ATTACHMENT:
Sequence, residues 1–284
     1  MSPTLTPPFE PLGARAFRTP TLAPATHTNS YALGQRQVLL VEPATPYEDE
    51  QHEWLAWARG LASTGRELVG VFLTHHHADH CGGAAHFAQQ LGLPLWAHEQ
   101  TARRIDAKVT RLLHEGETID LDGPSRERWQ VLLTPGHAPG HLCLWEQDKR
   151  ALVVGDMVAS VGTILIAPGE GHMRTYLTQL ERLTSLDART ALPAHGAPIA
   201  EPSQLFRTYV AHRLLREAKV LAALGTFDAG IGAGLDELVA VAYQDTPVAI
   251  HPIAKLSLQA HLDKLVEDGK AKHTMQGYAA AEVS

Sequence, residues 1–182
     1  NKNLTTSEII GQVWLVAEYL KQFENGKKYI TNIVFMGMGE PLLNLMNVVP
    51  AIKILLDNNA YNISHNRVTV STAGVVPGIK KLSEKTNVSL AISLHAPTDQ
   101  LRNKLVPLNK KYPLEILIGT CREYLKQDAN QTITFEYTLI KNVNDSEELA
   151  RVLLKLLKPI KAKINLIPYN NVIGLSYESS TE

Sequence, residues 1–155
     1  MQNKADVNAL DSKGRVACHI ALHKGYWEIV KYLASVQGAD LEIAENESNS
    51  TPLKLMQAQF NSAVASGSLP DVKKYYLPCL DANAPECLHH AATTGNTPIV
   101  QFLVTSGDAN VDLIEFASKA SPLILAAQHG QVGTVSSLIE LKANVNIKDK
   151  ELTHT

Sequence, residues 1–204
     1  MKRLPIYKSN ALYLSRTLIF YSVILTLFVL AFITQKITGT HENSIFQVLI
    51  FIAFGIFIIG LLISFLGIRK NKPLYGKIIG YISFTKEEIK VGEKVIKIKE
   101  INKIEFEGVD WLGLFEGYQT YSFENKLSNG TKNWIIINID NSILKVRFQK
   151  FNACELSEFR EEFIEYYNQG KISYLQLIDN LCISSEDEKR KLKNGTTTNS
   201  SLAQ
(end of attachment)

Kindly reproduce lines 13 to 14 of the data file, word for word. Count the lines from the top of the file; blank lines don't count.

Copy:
Sequence, residues 1–155
     1  MQNKADVNAL DSKGRVACHI ALHKGYWEIV KYLASVQGAD LEIAENESNS